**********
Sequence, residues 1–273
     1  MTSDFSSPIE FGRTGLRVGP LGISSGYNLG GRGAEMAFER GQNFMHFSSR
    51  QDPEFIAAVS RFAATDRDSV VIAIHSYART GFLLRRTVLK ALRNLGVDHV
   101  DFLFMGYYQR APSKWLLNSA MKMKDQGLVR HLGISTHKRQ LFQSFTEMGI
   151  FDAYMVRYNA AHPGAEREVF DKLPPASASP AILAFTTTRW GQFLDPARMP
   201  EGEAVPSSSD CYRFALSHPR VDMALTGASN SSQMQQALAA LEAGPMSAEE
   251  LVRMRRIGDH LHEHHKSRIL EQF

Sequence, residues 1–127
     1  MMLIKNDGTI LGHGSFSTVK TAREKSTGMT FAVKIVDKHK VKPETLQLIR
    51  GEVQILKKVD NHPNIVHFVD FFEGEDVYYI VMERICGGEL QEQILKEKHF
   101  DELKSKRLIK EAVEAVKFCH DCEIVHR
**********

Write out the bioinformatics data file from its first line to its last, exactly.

Sequence, residues 1–273
     1  MTSDFSSPIE FGRTGLRVGP LGISSGYNLG GRGAEMAFER GQNFMHFSSR
    51  QDPEFIAAVS RFAATDRDSV VIAIHSYART GFLLRRTVLK ALRNLGVDHV
   101  DFLFMGYYQR APSKWLLNSA MKMKDQGLVR HLGISTHKRQ LFQSFTEMGI
   151  FDAYMVRYNA AHPGAEREVF DKLPPASASP AILAFTTTRW GQFLDPARMP
   201  EGEAVPSSSD CYRFALSHPR VDMALTGASN SSQMQQALAA LEAGPMSAEE
   251  LVRMRRIGDH LHEHHKSRIL EQF

Sequence, residues 1–127
     1  MMLIKNDGTI LGHGSFSTVK TAREKSTGMT FAVKIVDKHK VKPETLQLIR
    51  GEVQILKKVD NHPNIVHFVD FFEGEDVYYI VMERICGGEL QEQILKEKHF
   101  DELKSKRLIK EAVEAVKFCH DCEIVHR